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Title: Molecular floating-gate single-electron transistor
Authors: Yamamoto, Makoto
Azuma, Yasuo
Sakamoto, Masanori  kyouindb  KAKEN_id  orcid (unconfirmed)
Teranishi, Toshiharu  kyouindb  KAKEN_id  orcid (unconfirmed)
Ishii, Hisao
Majima, Yutaka
Noguchi, Yutaka
Author's alias: 坂本, 雅典
寺西, 利治
Keywords: Electronic devices
Molecular electronics
Issue Date: 8-May-2017
Publisher: Springer Nature
Journal title: Scientific Reports
Volume: 7
Thesis number: 1589
Abstract: We investigated reversible switching behaviors of a molecular floating-gate single-electron transistor (MFG-SET). The device consists of a gold nanoparticle-based SET and a few tetra-tert-butyl copper phthalocyanine (ttbCuPc) molecules; each nanoparticle (NP) functions as a Coulomb island. The ttbCuPc molecules function as photoreactive floating gates, which reversibly change the potential of the Coulomb island depending on the charge states induced in the ttbCuPc molecules by light irradiation or by externally applied voltages. We found that single-electron charging of ttbCuPc leads to a potential shift in the Coulomb island by more than half of its charging energy. The first induced device state was sufficiently stable; the retention time was more than a few hours without application of an external voltage. Moreover, the device exhibited an additional state when irradiated with 700 nm light, corresponding to doubly charged ttbCuPc. The life time of this additional state was several seconds, which is much shorter than that of the first induced state. These results clearly demonstrate an alternative method utilizing the unique functionality of the single molecule in nanoelectronics devices, and the potential application of MFG-SETs for investigating molecular charging phenomena.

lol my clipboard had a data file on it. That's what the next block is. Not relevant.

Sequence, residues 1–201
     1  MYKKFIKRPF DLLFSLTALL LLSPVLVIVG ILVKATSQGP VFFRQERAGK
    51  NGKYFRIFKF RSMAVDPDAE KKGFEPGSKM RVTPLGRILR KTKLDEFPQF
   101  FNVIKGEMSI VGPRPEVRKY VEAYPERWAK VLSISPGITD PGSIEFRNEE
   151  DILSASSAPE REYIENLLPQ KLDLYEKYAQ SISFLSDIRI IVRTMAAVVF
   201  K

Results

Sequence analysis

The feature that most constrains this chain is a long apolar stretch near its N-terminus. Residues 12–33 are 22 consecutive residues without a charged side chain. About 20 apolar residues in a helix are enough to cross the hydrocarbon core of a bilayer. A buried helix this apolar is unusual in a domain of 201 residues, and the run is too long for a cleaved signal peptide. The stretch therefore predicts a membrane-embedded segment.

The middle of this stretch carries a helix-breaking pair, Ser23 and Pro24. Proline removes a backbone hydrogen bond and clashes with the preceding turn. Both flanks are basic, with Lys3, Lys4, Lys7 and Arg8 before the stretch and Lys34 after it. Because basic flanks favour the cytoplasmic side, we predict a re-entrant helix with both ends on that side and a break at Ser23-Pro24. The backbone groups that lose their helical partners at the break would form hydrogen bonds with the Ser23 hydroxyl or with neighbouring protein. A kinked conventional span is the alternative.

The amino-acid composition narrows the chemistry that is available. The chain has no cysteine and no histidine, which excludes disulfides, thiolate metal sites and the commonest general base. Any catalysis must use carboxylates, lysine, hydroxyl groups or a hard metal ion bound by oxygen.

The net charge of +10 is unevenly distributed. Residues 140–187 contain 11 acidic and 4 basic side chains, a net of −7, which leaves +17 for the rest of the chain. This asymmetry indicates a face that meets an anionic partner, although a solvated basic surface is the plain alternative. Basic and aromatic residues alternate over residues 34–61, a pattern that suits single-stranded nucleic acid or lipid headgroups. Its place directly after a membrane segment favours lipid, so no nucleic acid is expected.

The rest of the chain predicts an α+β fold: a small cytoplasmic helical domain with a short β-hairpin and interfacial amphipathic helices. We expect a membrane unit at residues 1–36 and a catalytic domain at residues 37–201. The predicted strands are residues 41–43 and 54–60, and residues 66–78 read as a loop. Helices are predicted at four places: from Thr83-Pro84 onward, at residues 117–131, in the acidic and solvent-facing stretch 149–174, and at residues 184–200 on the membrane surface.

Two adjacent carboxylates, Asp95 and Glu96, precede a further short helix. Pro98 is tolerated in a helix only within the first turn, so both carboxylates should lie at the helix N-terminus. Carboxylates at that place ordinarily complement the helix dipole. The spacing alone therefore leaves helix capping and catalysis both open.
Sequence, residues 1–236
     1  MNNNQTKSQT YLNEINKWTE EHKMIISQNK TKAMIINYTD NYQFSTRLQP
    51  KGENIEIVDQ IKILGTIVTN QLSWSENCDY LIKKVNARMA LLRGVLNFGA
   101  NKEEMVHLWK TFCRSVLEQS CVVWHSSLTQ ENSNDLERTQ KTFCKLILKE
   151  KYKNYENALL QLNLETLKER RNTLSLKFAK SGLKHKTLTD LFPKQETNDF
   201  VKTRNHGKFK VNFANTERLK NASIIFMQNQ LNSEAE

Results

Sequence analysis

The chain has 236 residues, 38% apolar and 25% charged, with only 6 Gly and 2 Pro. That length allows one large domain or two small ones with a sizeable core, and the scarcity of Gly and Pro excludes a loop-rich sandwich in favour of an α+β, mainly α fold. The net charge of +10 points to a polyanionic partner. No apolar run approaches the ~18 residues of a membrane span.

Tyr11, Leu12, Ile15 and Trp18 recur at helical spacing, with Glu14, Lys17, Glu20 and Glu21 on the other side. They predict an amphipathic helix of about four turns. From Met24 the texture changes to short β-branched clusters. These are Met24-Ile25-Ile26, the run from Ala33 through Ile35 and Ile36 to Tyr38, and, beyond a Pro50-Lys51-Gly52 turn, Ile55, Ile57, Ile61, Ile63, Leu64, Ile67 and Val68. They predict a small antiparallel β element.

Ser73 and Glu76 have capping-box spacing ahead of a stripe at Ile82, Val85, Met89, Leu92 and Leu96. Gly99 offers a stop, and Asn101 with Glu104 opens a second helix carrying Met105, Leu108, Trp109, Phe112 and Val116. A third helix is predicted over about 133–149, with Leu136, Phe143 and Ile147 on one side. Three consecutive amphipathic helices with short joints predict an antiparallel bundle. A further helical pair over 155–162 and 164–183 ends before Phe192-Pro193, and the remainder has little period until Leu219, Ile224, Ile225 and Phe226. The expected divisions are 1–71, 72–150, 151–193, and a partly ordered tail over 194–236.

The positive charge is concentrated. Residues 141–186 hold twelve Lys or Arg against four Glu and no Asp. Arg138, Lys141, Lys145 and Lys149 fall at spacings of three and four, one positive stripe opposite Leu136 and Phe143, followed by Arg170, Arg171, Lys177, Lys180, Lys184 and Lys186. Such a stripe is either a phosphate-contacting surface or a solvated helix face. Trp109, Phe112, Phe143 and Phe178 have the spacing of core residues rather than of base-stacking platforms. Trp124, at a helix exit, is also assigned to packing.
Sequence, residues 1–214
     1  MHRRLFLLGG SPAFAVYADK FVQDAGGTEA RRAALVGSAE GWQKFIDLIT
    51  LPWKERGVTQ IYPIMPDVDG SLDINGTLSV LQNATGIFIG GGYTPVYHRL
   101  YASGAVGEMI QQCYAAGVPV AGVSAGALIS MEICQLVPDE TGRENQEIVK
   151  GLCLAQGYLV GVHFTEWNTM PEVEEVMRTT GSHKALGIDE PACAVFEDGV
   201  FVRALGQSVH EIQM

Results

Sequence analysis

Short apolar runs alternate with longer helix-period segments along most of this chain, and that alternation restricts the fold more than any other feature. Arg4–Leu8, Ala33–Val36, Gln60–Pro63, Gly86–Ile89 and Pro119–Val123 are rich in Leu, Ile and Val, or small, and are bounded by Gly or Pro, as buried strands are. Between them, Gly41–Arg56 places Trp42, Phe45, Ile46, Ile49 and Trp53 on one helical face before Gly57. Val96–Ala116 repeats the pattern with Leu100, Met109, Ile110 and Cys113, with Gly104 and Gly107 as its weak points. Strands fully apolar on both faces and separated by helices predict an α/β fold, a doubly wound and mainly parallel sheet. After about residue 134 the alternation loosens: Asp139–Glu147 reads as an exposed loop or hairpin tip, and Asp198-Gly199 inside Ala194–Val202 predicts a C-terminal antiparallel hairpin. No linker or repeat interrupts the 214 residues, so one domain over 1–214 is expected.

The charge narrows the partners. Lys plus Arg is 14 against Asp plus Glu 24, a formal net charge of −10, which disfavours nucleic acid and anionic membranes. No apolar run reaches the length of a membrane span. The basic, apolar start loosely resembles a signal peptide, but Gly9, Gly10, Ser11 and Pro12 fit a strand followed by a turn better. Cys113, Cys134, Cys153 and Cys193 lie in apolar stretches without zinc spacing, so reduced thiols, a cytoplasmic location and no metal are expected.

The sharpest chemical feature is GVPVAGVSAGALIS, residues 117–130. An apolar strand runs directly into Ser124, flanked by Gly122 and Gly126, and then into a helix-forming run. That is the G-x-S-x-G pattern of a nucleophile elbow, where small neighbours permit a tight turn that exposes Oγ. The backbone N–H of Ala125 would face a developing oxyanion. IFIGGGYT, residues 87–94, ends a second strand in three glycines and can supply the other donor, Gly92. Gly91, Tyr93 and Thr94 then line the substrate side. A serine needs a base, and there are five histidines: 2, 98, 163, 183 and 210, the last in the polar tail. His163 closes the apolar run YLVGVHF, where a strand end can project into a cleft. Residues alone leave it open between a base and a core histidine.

Rights: © The Author(s) 2017.
This article is licensed under a Creative Commons Attribution 4.0 International License, which permits use, sharing, adaptation, distribution and reproduction in any medium or format, as long as you give appropriate credit to the original author(s) and the source, provide a link to the Creative Commons license, and indicate if changes were made. The images or other third party material in this article are included in the article's Creative Commons license, unless indicated otherwise in a credit line to the material. If material is not included in the article’s Creative Commons license and your intended use is not permitted by statutory regulation or exceeds the permitted use, you will need to obtain permission directly from the copyright holder.
DOI(Published Version): 10.1038/s41598-017-01578-7
PubMed ID: 28484243
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